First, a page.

In the Hausa-speaking northern states, information is a scarce commodity. Far from the capital and the urban centers of the south, Hausa-speaking Nigerians have very little chance of casually bumping into someone who passes on the latest information on free vaccinations or the big political issues being debated in English in Abuja.
But despite the availability of mobile data networks and relatively affordable mobile phones, northern Nigerians have equally little chance of casually bumping into useful information online. There are only 1400 articles available in Hausa on Wikipedia, maintained by a mere fifteen active Wikipedians. Compare that to the 31,000 articles available to Yoruba-speaking people in the southwest, or the 5,280,000 English Wikipedia articles that are written and edited by a community of nearly 125,000 active users and available to educated, urban-dwelling Nigerians.
Wikipedia is but one small barometer for judging people’s opportunities to consume and create content and information online in their own language, but it’s no coincidence that these numbers line up unsettlingly well with a regional map of multidimensional poverty (which takes into account not only annual income but access to resources like healthcare and education).
As these geographic gaps in opportunity and development make their way into the digital world, how do we keep them from building linguistic walls across the Internet and keeping linguistically marginalized communities on the economic and social margins as well?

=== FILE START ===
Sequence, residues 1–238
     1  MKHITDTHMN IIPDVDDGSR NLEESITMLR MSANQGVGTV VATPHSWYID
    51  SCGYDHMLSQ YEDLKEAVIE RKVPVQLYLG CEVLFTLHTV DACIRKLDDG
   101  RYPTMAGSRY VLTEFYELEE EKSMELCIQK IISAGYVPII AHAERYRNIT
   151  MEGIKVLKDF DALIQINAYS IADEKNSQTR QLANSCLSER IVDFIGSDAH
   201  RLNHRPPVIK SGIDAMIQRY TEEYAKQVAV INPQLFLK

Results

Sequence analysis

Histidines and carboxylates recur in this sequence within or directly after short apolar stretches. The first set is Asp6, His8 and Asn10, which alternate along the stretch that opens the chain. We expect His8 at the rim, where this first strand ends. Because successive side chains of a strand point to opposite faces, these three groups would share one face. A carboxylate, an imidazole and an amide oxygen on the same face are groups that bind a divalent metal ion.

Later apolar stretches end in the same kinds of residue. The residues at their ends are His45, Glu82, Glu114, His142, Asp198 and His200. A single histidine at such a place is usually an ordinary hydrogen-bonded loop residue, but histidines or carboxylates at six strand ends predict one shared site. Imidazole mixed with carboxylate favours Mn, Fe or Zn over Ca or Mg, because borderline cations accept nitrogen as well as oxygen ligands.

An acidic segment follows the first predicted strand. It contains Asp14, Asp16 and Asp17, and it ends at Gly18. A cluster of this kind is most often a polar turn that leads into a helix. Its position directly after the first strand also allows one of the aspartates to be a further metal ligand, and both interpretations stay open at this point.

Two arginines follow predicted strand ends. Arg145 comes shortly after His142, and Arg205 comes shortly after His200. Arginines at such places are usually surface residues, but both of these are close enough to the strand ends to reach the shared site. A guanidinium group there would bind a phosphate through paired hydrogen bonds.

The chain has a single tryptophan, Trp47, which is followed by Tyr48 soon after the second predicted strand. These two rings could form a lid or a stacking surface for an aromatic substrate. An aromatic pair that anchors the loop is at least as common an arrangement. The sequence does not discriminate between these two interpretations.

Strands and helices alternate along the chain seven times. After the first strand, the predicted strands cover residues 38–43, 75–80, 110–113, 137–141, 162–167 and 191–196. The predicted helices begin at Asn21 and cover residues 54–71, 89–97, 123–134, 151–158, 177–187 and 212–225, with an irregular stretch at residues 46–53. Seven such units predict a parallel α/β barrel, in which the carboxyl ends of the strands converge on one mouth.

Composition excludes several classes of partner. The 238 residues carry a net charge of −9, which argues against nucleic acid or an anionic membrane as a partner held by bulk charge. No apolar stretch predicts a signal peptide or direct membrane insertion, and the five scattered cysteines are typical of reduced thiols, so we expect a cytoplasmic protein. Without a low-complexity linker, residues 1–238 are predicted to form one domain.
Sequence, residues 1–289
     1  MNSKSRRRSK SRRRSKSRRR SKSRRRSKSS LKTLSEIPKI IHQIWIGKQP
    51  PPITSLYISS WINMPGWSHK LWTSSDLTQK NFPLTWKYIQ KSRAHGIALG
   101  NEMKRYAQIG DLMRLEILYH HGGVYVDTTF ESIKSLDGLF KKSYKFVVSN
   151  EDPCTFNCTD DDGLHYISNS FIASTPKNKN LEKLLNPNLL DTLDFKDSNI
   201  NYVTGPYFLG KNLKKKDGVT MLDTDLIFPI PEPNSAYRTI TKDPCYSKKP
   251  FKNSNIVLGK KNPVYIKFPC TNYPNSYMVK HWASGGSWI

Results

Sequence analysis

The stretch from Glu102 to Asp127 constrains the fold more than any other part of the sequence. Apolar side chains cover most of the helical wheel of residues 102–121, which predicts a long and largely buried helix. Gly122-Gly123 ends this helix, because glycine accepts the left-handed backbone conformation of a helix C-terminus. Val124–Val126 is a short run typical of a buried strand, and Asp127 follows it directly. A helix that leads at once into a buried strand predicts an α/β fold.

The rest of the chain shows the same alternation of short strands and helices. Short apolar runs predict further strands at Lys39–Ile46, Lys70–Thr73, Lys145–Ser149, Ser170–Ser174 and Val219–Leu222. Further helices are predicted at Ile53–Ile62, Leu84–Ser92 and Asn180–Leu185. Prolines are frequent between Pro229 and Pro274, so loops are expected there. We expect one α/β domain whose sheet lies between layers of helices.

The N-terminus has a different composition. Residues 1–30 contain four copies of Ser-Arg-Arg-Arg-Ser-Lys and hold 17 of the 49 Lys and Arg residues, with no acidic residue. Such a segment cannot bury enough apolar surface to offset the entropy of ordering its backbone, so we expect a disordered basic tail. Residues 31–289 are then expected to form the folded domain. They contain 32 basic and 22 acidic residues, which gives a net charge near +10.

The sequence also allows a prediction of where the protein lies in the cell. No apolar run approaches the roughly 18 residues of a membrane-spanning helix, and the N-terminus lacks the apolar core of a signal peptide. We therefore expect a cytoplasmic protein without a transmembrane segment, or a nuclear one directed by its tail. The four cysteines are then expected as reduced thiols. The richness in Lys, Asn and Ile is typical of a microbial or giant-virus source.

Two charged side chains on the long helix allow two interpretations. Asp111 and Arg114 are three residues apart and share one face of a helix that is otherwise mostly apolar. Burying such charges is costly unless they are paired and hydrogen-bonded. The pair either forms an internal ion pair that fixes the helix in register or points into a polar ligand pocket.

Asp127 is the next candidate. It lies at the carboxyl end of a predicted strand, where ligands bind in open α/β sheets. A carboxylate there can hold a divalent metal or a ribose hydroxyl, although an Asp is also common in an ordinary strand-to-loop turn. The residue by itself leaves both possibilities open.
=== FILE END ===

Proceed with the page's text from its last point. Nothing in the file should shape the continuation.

There’s a large body of evidence suggesting that increasing the availability of digital content in Arabic is a key to unlocking sustainable development in North Africa and the Middle East, a region where urban youths and the highly educated access the Internet in French and English while their rural and poorer neighbors have few options to do so. Throughout sub-Saharan Africa and India, studies have shown that increasing the availability of services like Facebook and Wikipedia in local languages has the potential to increase the number of Internet users in these regions by as much as 24%.
What would happen if a quarter of India’s population–some 400 million people, more than the entire United States–started using just Facebook and Wikipedia? How would it affect public health and economic opportunity if marginalized communities could be reached with messaging about vaccinations or school enrollment? What would happen if 75 million Telugu speakers in the south of India started writing, publishing, sharing, refining, and expanding upon each other’s knowledge and expertise on the world’s largest encyclopedia?
There’s every reason to believe that the impacts would be of a scale for the history books.
To learn more about initiatives to promote online content in local, indigenous, and endangered languages, take a look at 7000 Languages and some of the organizations they partner with across the world. To put your passion for languages to work bridging the digital language divide, start learning an indigenous or endangered language today.